A picture is worth a thousand words” refers to the notion that a complex idea can be conveyed with just a single still image. It also aptly characterizes one of the main goals of visualization, namely making it possible to absorb large amounts of data quickly. In Android an image is typically shown in an ImageView which is a dedicated view for showing image. This view takes the charge of load, optimize and scaling of the image and make the developer free  to focus on app-specific details . Unless you need special optimizations for your application, you should take advantage of the built-in image view whenever possible.

To display an image simply we have to declare an ImageView inside a LayOut and set its source to a resource in your project. Image resources are placed in the /res/drawable folders. This example will display an image named “antelope”:

<ImageView

android:id=“@+id/ivantilop”

android:layout_width=“match_parent”

android:layout_height=“match_parent”

android:layout_margin=“10dp”

android:src=“@drawable/antelope”

android:sacleType=“fitCenter”   />

[/sourcecode ]

Please have a look on the attribute  sclaeType . It defines how the image will fit and be scaled to the view. In this example scaleType  is set to “fitCenter” , so the image will be shown  in the center of container view with scaling and preserve the aspect ratio. I’m going to list the scale type options and how they alter the image.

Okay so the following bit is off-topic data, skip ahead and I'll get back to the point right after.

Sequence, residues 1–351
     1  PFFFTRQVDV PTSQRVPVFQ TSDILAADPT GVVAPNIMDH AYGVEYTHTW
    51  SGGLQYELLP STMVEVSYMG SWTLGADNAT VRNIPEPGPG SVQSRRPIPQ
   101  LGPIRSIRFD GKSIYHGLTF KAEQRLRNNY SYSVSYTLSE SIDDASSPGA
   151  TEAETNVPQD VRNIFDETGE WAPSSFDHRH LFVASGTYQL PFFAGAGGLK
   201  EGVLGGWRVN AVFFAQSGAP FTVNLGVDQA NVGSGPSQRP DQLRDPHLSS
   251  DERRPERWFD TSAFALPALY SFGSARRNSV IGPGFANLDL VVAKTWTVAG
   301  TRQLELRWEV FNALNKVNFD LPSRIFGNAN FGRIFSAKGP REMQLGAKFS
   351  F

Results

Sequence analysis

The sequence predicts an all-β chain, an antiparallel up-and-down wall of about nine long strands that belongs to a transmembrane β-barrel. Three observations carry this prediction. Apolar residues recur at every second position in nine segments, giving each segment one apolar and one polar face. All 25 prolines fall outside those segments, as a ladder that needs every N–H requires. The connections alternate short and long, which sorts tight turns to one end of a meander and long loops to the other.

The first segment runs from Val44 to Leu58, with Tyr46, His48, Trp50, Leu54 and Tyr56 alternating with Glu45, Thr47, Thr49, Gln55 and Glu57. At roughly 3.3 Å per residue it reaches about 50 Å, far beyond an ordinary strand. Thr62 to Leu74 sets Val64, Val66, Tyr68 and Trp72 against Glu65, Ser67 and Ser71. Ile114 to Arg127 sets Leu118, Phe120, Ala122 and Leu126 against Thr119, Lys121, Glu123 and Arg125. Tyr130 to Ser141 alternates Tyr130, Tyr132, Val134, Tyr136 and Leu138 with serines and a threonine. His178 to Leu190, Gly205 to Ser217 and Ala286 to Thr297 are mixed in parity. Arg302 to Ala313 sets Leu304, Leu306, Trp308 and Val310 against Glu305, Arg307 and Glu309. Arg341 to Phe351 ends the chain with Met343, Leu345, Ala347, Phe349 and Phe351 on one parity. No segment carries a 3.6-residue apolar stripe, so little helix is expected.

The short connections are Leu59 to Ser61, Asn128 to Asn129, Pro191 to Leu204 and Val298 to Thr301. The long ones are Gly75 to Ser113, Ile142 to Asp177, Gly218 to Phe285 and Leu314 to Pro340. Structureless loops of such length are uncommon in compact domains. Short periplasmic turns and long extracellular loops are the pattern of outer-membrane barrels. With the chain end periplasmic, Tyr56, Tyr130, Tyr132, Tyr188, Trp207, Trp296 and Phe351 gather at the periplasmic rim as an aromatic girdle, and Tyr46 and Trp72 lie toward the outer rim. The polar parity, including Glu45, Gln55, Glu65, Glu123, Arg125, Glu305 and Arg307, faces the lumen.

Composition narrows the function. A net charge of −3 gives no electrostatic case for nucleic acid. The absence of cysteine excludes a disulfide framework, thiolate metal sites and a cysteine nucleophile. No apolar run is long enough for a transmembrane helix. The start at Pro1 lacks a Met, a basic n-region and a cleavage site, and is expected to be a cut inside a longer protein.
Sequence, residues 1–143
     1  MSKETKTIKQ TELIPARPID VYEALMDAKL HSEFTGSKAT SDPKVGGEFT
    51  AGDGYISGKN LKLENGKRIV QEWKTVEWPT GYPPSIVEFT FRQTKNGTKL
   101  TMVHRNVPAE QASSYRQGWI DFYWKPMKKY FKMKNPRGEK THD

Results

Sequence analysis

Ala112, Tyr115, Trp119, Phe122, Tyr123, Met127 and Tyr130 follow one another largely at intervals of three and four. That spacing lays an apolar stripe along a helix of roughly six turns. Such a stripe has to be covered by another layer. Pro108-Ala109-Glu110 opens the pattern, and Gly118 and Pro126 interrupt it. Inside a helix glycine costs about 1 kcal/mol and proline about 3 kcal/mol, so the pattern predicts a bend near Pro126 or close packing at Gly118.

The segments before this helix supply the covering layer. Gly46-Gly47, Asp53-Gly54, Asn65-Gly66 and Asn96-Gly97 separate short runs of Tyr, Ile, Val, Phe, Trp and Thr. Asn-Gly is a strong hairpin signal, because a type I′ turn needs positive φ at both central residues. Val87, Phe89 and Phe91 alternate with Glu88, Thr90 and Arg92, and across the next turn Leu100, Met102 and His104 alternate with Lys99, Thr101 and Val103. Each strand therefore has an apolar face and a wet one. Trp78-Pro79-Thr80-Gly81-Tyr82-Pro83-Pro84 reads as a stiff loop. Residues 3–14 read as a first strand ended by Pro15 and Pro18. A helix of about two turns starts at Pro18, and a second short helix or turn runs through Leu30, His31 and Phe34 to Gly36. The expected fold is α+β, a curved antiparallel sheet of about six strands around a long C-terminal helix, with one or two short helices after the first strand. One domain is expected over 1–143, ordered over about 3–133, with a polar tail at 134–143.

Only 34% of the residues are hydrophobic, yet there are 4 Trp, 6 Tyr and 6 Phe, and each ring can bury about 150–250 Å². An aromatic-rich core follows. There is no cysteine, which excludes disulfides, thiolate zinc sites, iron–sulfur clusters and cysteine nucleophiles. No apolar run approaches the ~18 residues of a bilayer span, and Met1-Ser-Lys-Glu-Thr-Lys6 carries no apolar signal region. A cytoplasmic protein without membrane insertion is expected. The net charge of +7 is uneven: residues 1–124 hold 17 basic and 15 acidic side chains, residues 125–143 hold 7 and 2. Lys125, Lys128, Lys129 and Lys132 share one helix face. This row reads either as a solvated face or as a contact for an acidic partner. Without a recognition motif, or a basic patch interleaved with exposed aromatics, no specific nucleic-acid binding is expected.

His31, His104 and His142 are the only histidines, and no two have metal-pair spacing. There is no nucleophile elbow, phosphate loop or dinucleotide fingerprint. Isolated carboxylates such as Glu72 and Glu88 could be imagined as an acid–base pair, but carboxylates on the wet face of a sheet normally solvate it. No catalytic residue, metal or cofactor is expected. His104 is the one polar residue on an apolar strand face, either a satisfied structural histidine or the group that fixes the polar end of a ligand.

Here is the code snippet :

<RelativeLayout xmlns:android=http://schemas.android.com/apk/res/android&#8221;

xmlns:tools=http://schemas.android.com/tools&#8221;

android:layout_width=“match_parent”

android:layout_height=“match_parent” >

<LinearLayout

android:layout_width=“match_parent”

android:layout_height=“match_parent”

android:orientation=“vertical”

android:layout_alignParentLeft=“true”

android:layout_alignParentTop=“true”

android:background=“@android:color/holo_orange_light”>

<ImageView

android:id=“@+id/ivantilop”

android:layout_width=“match_parent”

android:layout_height=“match_parent”

android:layout_margin=“10dp”